MCV; microcytic is MCV < 80, normocytic is 80-100, and macrocytic and >100
what are the causes of microcytic anemia?
iron deficiency (late), anemia of chronic disease (late), thalassemias, lead poisoning, and sideroblastic anemia
what are the causes of non-hemolytic, normocytic anemia?
iron deficiency, anemia of chronic disease, aplastic anemia, and chronic kidney disease
what are the causes of intrinsic hemolytic normocytic anemia?
hereditary spherocytosis, G6PD and pyruvate kinase deficiencies, HbC disease, paroxysmal noctural hemoglobinuria, sickle cell anemia
what are the causes of extrinsic hemolytic normocytic anemia?
auto-immune, micro-angiopathic, macro-angiopathic, and infections
what are the causes of macrocytic anemia?
bone marrow failure, vitamin B12 deficiency, folate deficiency, liver disease, alcoholism
how much iron do we need to eat in a day and how much of that do we absorb?
eat 10 mg, absorb 1 mg (to replace what we excrete each day)
where do we absorb our iron?
what are the two proteins responsible for binding iron and what do they do?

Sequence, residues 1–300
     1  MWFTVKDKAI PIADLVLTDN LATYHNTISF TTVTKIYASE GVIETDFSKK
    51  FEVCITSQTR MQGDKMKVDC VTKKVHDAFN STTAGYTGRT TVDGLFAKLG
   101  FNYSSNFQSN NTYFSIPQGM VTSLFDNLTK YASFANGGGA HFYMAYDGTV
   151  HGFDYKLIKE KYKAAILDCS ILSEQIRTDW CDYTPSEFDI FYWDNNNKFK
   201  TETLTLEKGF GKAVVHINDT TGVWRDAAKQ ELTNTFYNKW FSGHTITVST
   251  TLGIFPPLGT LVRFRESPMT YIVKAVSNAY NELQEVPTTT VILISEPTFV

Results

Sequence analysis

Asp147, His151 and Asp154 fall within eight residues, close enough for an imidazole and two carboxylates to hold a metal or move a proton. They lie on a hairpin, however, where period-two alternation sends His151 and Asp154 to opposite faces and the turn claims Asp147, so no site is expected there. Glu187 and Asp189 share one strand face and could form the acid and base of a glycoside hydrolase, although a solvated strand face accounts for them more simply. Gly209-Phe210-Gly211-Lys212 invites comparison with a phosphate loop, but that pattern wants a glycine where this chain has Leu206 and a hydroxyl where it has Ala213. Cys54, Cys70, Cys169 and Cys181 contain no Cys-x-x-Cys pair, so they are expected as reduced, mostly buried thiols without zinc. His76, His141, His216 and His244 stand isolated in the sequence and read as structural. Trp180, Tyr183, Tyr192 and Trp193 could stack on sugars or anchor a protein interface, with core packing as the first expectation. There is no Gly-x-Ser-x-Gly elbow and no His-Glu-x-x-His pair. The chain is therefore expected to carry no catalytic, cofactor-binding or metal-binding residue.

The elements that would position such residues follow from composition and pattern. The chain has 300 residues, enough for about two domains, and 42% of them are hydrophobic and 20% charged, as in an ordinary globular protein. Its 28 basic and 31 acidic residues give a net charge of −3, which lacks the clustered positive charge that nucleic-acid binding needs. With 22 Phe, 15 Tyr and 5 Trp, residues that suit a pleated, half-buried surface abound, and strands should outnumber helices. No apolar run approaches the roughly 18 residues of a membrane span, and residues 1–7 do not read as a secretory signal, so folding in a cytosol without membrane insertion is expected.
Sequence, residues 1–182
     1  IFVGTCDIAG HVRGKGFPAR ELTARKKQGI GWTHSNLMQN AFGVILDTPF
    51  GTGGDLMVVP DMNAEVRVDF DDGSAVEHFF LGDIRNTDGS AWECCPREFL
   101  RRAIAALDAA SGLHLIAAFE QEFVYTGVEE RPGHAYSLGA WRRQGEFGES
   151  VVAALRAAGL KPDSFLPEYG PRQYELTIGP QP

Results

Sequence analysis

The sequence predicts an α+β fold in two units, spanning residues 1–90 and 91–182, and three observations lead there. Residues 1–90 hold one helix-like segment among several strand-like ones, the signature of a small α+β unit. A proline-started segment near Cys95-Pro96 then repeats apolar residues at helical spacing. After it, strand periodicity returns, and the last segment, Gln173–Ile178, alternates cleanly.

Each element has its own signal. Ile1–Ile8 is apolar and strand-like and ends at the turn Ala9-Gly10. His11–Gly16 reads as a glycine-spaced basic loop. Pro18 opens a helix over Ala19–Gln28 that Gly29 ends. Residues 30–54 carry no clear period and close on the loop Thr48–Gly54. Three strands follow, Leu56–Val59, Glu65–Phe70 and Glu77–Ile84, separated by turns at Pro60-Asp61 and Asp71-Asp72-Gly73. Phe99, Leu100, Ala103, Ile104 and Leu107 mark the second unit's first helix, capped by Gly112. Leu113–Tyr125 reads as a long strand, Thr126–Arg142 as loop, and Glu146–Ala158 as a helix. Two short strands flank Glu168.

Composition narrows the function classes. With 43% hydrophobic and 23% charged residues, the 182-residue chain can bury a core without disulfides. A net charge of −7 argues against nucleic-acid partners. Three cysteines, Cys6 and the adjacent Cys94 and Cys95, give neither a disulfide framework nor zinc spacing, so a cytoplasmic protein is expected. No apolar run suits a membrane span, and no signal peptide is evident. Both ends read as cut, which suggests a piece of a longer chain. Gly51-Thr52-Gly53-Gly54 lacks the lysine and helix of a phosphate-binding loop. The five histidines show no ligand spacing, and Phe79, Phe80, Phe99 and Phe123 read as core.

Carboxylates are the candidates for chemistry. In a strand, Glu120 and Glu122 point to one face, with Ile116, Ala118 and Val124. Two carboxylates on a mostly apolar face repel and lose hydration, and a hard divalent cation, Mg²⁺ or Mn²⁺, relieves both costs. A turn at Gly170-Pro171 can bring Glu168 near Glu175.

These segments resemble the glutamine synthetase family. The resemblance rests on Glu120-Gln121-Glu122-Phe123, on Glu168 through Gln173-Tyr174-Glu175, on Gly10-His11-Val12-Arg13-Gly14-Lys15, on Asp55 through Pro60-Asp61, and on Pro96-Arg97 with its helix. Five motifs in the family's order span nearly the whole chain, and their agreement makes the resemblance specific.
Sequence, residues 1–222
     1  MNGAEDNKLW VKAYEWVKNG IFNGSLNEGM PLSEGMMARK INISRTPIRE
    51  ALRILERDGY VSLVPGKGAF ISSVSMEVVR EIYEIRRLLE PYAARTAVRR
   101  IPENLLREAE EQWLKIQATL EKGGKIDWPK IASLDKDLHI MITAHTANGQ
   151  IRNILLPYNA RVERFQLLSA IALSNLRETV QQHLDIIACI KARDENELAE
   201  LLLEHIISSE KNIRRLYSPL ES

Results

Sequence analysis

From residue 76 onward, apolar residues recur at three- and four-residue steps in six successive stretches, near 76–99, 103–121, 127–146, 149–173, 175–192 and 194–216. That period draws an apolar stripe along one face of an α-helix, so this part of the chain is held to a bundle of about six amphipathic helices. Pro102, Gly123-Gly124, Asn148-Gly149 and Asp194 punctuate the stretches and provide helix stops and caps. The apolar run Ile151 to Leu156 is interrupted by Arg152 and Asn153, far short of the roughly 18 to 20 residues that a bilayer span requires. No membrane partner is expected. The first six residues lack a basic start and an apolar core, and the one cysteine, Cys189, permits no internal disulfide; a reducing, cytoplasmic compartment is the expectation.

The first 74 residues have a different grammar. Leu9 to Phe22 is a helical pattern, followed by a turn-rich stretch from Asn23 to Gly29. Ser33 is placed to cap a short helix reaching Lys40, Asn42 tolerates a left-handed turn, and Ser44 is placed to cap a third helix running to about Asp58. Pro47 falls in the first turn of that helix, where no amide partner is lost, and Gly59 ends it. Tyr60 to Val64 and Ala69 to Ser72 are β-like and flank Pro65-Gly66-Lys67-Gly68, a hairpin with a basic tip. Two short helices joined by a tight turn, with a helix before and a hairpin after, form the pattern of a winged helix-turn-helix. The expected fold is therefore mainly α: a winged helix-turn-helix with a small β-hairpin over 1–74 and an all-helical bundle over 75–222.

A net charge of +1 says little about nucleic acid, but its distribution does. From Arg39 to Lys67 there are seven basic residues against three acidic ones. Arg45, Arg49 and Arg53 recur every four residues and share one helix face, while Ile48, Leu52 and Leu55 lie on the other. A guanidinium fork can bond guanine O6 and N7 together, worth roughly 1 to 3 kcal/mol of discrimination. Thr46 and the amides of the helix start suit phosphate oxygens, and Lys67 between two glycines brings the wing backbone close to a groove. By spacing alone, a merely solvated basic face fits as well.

transferrin- transports iron, carries a few ions at a time
ferritin- stores iron, carries up to 4500 ions at a time
what is the role of hepcidin in iron absorption?
produced by macrophages--> stops further iron absorption, signals for macrophages and liver to retain stored iron as ferritin
what are the findings (clinical and lab) associated with iron deficiency anemia?
pallor, fatigue, SOB (not specific); hypochromic microcytic anemia; low retics; low iron/ high iron binding capacity = low saturation (<15%)
what's the most common cause of iron deficiency anemia?
iron loss (GI, urine, intravascular hemolysis)
what is hemochromatosis and what leads to it?
mutation leads to decreased hepcidin--> too much iron is absorbed and stored (because hepcidin can't inactivate ferroportin)--> iron toxicity (cirrhosis, hepato-cellular cancer, diabetes)
what is the treatment for hemochromatosis?
therapeutic phlebotomy or iron chelation (if anemic)
what two things are elevated in B12 and folate deficiency?
homocysteine and methylmalonic acid
what is the supply of B12 and folate (amount/ reserve that is stored normally)?
B12 has a 3-5 year supply in the liver, but folate has 2-4 week supply in the liver
how is B12 absorbed?
need acidic environment to release B12 from proteins, then is absorbed through a receptor for intrinsic factor in the ileum